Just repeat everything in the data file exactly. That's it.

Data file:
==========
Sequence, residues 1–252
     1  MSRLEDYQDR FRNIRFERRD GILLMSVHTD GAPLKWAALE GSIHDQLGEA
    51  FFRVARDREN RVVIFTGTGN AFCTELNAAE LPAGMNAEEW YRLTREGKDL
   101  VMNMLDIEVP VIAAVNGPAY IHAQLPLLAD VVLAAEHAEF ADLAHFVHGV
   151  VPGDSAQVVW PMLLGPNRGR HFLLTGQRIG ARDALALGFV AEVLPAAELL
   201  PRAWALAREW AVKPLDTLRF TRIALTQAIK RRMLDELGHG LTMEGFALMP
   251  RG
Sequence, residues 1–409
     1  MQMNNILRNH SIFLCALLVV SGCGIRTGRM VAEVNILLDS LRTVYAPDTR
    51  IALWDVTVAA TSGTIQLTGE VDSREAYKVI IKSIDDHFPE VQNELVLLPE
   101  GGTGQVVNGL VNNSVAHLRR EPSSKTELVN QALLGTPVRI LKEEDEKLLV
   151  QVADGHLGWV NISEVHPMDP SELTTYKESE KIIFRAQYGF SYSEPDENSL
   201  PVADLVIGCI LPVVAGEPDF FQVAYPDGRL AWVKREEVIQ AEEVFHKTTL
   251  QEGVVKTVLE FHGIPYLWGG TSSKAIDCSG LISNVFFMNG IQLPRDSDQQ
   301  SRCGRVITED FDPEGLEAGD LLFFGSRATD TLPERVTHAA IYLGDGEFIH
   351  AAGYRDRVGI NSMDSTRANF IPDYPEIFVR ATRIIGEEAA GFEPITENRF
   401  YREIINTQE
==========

Sequence, residues 1–252
     1  MSRLEDYQDR FRNIRFERRD GILLMSVHTD GAPLKWAALE GSIHDQLGEA
    51  FFRVARDREN RVVIFTGTGN AFCTELNAAE LPAGMNAEEW YRLTREGKDL
   101  VMNMLDIEVP VIAAVNGPAY IHAQLPLLAD VVLAAEHAEF ADLAHFVHGV
   151  VPGDSAQVVW PMLLGPNRGR HFLLTGQRIG ARDALALGFV AEVLPAAELL
   201  PRAWALAREW AVKPLDTLRF TRIALTQAIK RRMLDELGHG LTMEGFALMP
   251  RG
Sequence, residues 1–409
     1  MQMNNILRNH SIFLCALLVV SGCGIRTGRM VAEVNILLDS LRTVYAPDTR
    51  IALWDVTVAA TSGTIQLTGE VDSREAYKVI IKSIDDHFPE VQNELVLLPE
   101  GGTGQVVNGL VNNSVAHLRR EPSSKTELVN QALLGTPVRI LKEEDEKLLV
   151  QVADGHLGWV NISEVHPMDP SELTTYKESE KIIFRAQYGF SYSEPDENSL
   201  PVADLVIGCI LPVVAGEPDF FQVAYPDGRL AWVKREEVIQ AEEVFHKTTL
   251  QEGVVKTVLE FHGIPYLWGG TSSKAIDCSG LISNVFFMNG IQLPRDSDQQ
   301  SRCGRVITED FDPEGLEAGD LLFFGSRATD TLPERVTHAA IYLGDGEFIH
   351  AAGYRDRVGI NSMDSTRANF IPDYPEIFVR ATRIIGEEAA GFEPITENRF
   401  YREIINTQE